What is inclusivity? Why is inclusivity a critical element of effective eLearning? How do you implement inclusivity into eLearning?
What Is Inclusivity?
Let’s start with what most good articles start with: a definition. In general, inclusivity is the practice of including traditionally underrepresented or marginalized groups of people.
An inclusive online course has, in the interest of being pithy, two key characteristics:
Free of bias, either implicit or explicit, and
Actively promotes, features, and provides visibility, access, and learning accommodations to underrepresented and marginalized groups.
Where Have I Heard About This Before?
"Inclusivity" is one of those interesting perennial buzzwords you might've heard bandied about recently, concurrent with the rise of eLearning discourse. That's an oxymoron, of course (the phrase "perennial buzzword," that is). A buzzword, by definition, is a word or phrase that achieves popularity for only a short period of time. So, why use it in reference to inclusivity?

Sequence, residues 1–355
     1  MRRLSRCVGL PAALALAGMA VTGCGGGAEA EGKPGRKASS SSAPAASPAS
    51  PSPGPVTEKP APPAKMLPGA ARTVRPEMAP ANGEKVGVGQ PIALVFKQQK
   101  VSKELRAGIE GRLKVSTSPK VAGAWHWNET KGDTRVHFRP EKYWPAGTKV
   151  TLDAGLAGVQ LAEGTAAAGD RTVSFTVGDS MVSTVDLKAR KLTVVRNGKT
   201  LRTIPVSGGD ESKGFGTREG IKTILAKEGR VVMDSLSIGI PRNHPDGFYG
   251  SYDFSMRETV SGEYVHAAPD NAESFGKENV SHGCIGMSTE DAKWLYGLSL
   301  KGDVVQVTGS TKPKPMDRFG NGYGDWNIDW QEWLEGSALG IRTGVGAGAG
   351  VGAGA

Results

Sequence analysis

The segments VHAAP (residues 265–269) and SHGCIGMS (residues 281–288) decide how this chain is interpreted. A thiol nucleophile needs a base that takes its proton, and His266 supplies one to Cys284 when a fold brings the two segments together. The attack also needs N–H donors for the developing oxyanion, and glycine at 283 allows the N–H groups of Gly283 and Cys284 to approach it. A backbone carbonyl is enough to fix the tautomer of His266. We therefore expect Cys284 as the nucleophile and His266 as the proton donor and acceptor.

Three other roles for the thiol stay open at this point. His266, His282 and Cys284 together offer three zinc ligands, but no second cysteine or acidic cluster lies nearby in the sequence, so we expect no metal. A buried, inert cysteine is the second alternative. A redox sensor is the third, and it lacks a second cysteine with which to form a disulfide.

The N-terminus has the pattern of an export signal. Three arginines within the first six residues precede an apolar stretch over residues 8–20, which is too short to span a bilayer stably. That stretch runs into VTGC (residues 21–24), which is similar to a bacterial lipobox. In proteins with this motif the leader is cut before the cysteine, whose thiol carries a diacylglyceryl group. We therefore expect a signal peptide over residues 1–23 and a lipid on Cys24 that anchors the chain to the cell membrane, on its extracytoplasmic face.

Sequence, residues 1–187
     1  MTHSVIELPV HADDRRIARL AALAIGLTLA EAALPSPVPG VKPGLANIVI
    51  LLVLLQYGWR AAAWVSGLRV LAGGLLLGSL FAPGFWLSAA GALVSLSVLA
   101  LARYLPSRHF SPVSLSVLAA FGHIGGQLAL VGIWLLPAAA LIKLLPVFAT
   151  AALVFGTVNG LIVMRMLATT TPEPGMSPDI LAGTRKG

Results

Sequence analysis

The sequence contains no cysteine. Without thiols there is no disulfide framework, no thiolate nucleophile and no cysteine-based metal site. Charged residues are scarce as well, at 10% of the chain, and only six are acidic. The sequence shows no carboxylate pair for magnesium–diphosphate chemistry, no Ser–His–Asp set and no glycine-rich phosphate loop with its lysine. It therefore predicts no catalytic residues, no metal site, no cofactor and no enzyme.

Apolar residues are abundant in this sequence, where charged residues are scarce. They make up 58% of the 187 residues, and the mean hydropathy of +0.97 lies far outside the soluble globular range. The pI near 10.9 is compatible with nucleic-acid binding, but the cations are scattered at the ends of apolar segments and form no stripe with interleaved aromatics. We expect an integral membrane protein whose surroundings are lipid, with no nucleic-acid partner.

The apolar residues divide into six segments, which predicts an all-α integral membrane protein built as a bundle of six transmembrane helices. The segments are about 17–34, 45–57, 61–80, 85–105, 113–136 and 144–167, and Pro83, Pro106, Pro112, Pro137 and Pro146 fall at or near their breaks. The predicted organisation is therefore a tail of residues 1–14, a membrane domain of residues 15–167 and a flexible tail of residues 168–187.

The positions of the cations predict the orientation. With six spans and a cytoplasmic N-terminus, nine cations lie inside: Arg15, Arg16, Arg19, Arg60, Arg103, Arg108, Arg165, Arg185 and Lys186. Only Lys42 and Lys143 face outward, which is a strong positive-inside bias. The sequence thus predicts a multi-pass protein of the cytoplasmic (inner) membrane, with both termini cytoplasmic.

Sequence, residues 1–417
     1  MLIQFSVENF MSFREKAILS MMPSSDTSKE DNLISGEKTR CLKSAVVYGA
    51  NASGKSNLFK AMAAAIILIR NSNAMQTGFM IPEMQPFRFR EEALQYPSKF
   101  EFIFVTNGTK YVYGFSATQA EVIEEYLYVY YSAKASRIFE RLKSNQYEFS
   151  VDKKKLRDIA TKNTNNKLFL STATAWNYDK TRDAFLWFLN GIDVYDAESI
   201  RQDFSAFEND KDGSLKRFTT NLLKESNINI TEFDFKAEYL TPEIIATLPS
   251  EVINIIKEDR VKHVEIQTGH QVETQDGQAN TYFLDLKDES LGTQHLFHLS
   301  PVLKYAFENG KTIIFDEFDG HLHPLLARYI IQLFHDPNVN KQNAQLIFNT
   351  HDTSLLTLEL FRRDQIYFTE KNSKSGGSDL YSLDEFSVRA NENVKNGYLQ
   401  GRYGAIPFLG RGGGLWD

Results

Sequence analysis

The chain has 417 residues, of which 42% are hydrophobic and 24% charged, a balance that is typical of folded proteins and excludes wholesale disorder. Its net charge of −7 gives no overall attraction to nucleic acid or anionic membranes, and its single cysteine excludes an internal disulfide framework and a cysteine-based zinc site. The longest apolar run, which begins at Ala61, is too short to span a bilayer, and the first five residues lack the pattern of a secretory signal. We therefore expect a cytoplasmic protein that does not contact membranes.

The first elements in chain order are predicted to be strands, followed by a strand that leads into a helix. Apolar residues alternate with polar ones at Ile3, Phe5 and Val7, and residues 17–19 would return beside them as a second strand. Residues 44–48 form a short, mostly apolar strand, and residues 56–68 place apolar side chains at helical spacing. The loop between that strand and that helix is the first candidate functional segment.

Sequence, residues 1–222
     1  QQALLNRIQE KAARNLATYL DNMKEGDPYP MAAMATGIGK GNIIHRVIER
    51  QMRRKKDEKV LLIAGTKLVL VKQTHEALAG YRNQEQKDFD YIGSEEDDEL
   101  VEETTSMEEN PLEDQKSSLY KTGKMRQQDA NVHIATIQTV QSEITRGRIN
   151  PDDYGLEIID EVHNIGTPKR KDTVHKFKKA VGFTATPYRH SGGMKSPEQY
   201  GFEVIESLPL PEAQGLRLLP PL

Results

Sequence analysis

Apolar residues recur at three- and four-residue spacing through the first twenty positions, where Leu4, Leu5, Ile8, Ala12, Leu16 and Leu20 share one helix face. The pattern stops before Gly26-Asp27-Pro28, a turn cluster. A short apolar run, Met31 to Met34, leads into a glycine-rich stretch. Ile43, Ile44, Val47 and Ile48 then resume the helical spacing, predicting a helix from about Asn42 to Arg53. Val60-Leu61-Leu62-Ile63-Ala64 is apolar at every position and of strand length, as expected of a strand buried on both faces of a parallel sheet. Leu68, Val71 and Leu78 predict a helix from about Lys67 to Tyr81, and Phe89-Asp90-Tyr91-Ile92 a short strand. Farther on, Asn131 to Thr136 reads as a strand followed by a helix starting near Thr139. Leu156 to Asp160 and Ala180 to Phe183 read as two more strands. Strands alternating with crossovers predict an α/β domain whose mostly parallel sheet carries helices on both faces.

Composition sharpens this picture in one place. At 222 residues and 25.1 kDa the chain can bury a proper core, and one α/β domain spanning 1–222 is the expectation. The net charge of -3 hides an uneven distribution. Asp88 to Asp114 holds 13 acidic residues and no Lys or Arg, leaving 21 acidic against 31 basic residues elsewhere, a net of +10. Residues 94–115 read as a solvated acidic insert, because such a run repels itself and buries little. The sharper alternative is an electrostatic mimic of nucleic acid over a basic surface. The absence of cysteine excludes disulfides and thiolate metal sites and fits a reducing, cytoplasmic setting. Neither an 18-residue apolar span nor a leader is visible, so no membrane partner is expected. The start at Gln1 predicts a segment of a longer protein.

Because while the term "Inclusivity", and the ideals it espouses, have deep roots in our society, it's often treated as a novelty when it eventually cycles back around into our cultural consciousness. And it does operate as a cycle—back to those aforementioned deep roots, specifically in the field of education:
1835 saw the first college, Oberlin College, to accept black students as well as white students, and was also the first college to go coeducational with women in 1837;
1954 saw the landmark Brown v Board of Education Supreme Court ruling segregation in schools to be unconstitutional;
1975 saw the establishment of the Education for All Handicapped Children Act (today known as the Individuals with Disabilities Education Act), which required public schools to provide free and equa